Are you familiar with the story of Naaman? He’s one of the many characters we meet in the Old Testament of the Bible, and one of several we meet in the Bible who has leprosy. He obviously wants to be healed, so when he hears that there’s a prophet who heals people he reaches out to the king where the prophet lives and asks for help. Word gets to the prophet, Elisha, and by way of a messenger Elisha tells Naaman: “Go and wash yourself seven times in the Jordan River. Then your skin will be restored, and you will be healed of your leprosy.” (2 Kings 5:10). Of course Naaman gets bent out of shape over the fact that Elisha didn’t speak to him personally, heal him directly, and told him to do something so simple and stupid, and considers just going on with life. But a wise member of Naaman’s community basically asked “If you did what he told you to do, what’s the worst that could happen?”

I’m all for details, layers, complexity, and depth, they have a role to play in our world. It’s those very things that make a meal taste so great, computers work, and ecosystems thrive. But not everything has to be that complicated and complex. There’s something very satisfying about a beer on the deck at the end of a hot summer day, a hot beverage and a good book, a walk through a nature park, playing with a dog or child, coloring or crafting, or even just lighting a candle. There’s nothing complicated or complex about any of those things, yet because they’re so simple we think we shouldn’t spend much time on them because as “adults” we should be doing “adult” things, not things that are so basic and simple.

But as Naaman’s story illustrates, God works through all of it, through every situation and in ways that are both simple and complex. One of the verses I received in my inbox the other day had to do with the story of Moses parting the Red Sea (Exodus 14). Talk about complex! Not only did God part the waters and keep the fish on the sides until the Israelites got through, but it obviously had to be dry enough for the people to walk through and not get stuck in what was years of muck that tend to be on the bottom of every body of water, and then be wet enough that the chariots from Egypt that followed shortly after did get stuck. So yes, God can absolutely do complex things, but sometimes God just asks for a little faith, a little trust, and a little effort from us. Is God asking you to do something so simple it seems stupid like He did Naaman? Put a little faith into it and don’t sulk your way through the oh-so-simple directions, but go into it believing in the blessings, healing and hope that can be found in trusting God.

Reality Reflection: Rewriting History

I’ve always questioned the place that history has in our world and education, it’s a topic I’ve shared about before on the blog. Why do we need to know these people’s names and remember these dates and talk about battles and inventions that people don’t use anymore? The two arguments that are used most often have to do with knowing where you came from (or how your country began) and so that people don’t repeat the mistakes of the past. But sometimes the past can bog you down and holding onto it too hard can mean that you don’t move into the future like you could or should, and I don’t know about you, but I know some really stubborn people who aren’t real good at learning their lessons and keep doing the same thing again and again and hope for different results however unlikely it may be.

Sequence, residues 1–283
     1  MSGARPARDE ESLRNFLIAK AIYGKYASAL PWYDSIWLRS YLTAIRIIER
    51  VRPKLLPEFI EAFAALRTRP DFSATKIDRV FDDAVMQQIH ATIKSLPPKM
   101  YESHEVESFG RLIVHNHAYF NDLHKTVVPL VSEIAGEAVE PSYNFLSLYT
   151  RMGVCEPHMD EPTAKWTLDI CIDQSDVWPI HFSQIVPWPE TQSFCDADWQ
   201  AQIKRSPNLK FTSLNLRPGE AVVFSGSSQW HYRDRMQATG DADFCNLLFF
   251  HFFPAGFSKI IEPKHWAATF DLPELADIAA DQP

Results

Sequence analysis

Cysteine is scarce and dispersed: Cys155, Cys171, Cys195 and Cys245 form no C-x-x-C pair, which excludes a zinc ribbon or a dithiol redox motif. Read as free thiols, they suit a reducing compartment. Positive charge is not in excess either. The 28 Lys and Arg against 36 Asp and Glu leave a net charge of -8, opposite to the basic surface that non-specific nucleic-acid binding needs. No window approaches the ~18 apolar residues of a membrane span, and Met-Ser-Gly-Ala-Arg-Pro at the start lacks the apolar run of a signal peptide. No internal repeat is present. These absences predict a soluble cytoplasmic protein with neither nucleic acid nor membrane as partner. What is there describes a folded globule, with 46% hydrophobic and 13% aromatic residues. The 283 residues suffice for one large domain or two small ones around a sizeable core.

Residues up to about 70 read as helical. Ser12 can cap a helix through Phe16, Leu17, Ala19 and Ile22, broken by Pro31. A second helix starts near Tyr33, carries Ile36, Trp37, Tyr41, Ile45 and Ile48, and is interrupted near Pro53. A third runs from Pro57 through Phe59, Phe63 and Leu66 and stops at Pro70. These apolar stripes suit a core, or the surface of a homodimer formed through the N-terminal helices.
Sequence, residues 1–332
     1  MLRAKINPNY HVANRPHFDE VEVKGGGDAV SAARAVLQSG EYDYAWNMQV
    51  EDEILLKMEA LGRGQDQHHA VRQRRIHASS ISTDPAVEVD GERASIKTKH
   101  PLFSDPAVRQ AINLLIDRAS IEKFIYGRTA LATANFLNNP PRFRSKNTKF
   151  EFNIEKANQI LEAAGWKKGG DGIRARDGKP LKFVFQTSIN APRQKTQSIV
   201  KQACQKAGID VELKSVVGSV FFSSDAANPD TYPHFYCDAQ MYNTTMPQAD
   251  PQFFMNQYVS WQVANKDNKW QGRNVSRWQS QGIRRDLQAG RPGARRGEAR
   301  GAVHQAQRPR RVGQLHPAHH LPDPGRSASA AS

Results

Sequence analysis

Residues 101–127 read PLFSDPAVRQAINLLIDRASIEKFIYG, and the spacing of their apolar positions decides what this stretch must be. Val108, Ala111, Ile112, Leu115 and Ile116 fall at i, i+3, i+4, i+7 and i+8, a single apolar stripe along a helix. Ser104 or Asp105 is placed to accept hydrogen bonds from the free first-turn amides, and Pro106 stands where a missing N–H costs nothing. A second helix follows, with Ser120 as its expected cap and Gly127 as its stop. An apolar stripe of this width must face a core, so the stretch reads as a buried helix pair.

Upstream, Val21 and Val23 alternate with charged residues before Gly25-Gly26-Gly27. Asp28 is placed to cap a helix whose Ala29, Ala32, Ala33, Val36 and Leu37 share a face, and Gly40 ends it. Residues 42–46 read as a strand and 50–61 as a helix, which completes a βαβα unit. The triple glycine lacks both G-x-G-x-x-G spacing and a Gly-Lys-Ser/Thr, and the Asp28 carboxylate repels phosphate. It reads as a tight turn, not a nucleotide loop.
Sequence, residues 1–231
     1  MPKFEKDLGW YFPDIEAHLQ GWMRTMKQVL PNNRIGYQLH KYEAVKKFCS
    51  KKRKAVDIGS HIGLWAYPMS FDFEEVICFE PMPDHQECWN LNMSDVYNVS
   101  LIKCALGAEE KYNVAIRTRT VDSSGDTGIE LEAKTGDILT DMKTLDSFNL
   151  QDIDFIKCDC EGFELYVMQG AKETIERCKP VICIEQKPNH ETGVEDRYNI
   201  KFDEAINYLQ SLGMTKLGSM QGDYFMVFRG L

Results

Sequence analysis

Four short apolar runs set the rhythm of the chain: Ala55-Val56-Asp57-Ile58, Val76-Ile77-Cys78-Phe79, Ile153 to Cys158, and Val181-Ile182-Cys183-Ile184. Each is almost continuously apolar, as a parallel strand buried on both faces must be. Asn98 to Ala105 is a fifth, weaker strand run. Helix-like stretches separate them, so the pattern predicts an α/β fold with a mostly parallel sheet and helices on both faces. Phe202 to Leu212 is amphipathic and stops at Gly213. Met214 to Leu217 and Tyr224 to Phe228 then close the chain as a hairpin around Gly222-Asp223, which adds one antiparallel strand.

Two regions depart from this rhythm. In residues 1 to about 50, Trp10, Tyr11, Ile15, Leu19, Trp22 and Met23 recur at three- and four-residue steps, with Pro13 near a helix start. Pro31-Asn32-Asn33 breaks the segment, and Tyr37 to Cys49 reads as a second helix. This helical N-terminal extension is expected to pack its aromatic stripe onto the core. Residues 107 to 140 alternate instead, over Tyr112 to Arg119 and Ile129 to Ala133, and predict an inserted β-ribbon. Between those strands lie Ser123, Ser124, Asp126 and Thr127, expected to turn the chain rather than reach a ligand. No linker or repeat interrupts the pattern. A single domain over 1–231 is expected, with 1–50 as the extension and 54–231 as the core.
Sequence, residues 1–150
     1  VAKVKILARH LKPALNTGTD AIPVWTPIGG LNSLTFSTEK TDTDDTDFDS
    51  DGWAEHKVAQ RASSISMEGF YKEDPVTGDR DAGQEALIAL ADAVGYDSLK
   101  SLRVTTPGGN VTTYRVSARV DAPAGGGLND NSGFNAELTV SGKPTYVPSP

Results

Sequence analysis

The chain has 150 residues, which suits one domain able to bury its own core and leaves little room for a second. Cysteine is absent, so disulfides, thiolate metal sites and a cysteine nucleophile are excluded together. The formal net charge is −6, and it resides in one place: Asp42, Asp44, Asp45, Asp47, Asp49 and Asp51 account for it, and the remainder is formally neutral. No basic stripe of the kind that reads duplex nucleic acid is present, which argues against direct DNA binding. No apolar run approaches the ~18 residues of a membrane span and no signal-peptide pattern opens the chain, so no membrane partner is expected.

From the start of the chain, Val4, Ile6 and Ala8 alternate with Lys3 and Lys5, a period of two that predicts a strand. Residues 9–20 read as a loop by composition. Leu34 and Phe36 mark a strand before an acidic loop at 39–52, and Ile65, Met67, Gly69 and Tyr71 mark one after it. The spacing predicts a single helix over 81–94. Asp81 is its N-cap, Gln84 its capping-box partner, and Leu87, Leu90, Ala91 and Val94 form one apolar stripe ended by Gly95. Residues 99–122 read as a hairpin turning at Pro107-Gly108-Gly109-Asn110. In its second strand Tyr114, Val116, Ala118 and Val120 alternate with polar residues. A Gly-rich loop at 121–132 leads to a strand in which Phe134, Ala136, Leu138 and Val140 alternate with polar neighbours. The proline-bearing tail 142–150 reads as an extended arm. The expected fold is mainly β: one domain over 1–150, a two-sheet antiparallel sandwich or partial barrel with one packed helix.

It’s only through the human connection, through having stories I can relate to put to names and seeing items that were part of their lives, that I’m able to find any appreciation for learning, knowing and protecting the pieces of history we have access to today. But as I was watching a show about a portion of history the other day, I realized that what they teach us in school is so lacking in detail, which is why it’s easy to find it unimportant or boring or “no big deal” or even to romanticize it. For instance, when you see the words on a page “people were slaves and worked in fields” it kind of sounds like the annual trip to the local farm where people pick strawberries or apples (except not quite as awesome), when the reality is it was a horrific, brutal, period in our history that cost far too many people their lives in not pleasant ways.

While I think that reparations have a place, I don’t know that they’re really the answer to the topic of “history.” I think we have to start with more honesty (even brutal honesty at times) and doing our best to be truly factual, which means that sometimes we’ll have to edit the history books and rewrite things based on the new knowledge we’ve gained from research we’ve done (and by “we” I mean historians, archaeologists, architects etc. as well as those who have a passion to bring light and life to parts of history). I also think we should do a better job of exposing kids to more portions of history rather than just repeating the same stories/moments in history over and over throughout their schooling years.

But to the earlier point, what will people say about the history we’re creating 50 years from now when those kids are learning about it in history class? Will they applaud our efforts to uncover history and tell the truth about it, or will they talk about how little progress we made? Because for many parts of history we are losing both information and physical evidence of history as people pass away and those pieces of history return to dust because they’re so old. History, life years ago, was much harder and more violent than we often give it credit for, so are we being honest with ourselves about both the past and our present, or are we hoping that it will just get swept under the same rug that so many history books seem to have?